The petroleum complex traded firm with crude and heating oil showing modest gains, while gasoline surged to the upside by as much as 10.00 cents. The recovery in equity markets and the stimulus package appeared to underpin buying interest.
The DOE report was generally taken in stride despite a sharp decline in the level of gasoline disappearance. The report saw crude inventories rise by 1.6 mb compared to expectations for an increase of 2.8 mb. At 455.4 mb, US crude inventories are 3 percent below the five year average for this time of year. Cushing stocks rose by .9 mb, well below forecasts. US production remains stubbornly stable at 13 mb despite the dramatic price drop. US net exports of crude and products totaled 1.3 mb. Refinery utilization was 87.3 percent compared to 86.4 percent. Product supplied or domestic disappearance fell to 19.4 mb from 21.5 mb in the previous week, a decline of 10 percent. Gasoline supplied was 8.8 mb compared to 9.7 mb in the previous week while distillate supplied fell to 3.8 mb compared to 4 mb in the prior week.
For the most part the impact of COVID-19 has yet to be fully felt. US disappearance should fall toward 15 mb/d before stabilizing and it will be interesting to see whether driving habits will changed materially. The summer driving period is likely to be hurt dramatically but with gasoline prices falling to levels last seen in 1999 following the Asian default crisis and gasoline margins falling to uneconomic levels, better support should begin to emerge.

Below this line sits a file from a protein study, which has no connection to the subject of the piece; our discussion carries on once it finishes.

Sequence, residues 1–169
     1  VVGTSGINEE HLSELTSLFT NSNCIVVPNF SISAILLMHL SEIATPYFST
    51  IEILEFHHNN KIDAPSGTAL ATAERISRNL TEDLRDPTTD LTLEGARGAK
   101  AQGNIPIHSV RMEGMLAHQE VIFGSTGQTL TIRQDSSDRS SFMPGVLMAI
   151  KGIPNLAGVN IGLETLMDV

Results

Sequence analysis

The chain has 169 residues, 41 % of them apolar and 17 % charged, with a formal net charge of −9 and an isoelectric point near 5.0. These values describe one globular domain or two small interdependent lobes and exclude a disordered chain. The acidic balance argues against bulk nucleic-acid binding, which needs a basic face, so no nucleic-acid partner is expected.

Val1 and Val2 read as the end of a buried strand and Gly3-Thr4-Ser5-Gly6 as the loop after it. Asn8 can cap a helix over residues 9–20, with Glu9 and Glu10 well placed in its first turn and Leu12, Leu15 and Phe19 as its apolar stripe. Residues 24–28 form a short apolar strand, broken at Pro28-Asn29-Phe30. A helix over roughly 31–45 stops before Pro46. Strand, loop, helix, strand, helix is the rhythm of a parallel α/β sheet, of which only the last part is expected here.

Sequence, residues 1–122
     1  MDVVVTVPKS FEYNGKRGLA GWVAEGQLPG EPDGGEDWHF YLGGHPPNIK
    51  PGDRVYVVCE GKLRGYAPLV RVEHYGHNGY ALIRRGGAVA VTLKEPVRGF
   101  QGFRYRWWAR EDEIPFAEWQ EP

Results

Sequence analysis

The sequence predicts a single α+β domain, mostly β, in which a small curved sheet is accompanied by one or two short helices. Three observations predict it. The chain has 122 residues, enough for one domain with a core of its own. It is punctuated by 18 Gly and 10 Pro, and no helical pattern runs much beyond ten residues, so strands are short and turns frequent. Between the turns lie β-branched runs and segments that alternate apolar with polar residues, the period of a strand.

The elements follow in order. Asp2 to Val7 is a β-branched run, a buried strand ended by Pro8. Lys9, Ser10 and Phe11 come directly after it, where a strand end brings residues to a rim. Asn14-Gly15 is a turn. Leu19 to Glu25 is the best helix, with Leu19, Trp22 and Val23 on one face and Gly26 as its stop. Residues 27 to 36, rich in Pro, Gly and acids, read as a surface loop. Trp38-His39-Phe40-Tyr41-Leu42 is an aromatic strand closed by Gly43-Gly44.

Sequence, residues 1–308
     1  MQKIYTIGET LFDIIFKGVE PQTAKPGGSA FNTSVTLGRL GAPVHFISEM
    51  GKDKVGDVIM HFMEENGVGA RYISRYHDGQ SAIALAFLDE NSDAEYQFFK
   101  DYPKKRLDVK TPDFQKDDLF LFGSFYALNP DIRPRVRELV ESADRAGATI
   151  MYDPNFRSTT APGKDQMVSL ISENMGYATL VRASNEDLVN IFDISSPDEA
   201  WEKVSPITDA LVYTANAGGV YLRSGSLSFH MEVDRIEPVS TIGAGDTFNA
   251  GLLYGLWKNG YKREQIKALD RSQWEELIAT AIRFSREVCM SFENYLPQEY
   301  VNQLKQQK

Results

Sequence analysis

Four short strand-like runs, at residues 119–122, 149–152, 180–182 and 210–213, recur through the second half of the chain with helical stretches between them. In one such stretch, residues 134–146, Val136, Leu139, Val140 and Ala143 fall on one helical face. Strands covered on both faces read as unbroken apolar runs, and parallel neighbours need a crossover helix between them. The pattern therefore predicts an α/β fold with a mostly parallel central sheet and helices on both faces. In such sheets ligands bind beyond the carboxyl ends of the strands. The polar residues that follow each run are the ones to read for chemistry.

In crude, support at 20.00 continues to hold on latent optimism that the US government will stave off the potential collapse of the shale oil industry in the US. Although diplomacy with Saudi Arabia is being pursued in an attempt to push them to reduce output, indications suggest that the Russians are poised to expand production and shipments in April. With India’s economy now in shut down, further demand hits are inevitable, taxing storage space both onshore and offshore. Although purchases of as much as 60 mb of crude for the SPR are likely the next few weeks, it will likely be a short term fix and demand prospects will need to improve before a meaningful rally takes place.
The impressive bounce off Monday's contract lows ran out of steam today as the market reassessed the 30 cent price swing in the face of uncertain macro considerations. On the weather front, minor cooling had offered some support on the rally, but there was not enough potential to push prices any higher at this point, as today's forecast revisions moved demand expectations lower for the next two weeks. Production was also supportive as it slipped below 93 bcf over the last two days. Despite the mixed positives, the risks to demand from COVID-19 will likely constrain prices for the near term, with the 1.80 area in May offering resistance while support near the lows in the 1.60 range likely holds up. Tomorrow's storage number likely doesn't help the bull case with a 22 bcf draw expected in contrast to the 5 year average of 40.
Charts Courtesy of DTN Prophet X
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